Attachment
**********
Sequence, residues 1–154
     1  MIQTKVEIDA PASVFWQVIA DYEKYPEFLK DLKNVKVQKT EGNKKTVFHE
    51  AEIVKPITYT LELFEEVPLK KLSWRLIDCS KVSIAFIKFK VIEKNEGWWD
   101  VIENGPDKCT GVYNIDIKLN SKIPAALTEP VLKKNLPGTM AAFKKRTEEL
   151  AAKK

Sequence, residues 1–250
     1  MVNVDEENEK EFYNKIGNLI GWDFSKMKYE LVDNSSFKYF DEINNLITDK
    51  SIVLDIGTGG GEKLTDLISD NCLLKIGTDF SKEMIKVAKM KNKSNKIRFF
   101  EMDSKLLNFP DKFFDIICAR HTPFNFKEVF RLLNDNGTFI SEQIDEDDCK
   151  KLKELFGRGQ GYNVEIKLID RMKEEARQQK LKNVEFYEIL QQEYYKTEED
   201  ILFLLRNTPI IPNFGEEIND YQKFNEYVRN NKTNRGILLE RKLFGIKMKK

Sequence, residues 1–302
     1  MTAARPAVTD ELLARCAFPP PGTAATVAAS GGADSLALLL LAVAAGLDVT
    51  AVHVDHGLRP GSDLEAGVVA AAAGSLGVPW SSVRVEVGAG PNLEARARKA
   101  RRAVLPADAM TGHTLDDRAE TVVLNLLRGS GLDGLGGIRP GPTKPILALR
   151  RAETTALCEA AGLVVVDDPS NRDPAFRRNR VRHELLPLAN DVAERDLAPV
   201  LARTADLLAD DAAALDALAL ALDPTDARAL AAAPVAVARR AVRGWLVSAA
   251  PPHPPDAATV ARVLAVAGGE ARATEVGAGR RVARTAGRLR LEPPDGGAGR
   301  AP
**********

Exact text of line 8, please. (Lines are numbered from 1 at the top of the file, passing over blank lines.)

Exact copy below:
    51  SIVLDIGTGG GEKLTDLISD NCLLKIGTDF SKEMIKVAKM KNKSNKIRFF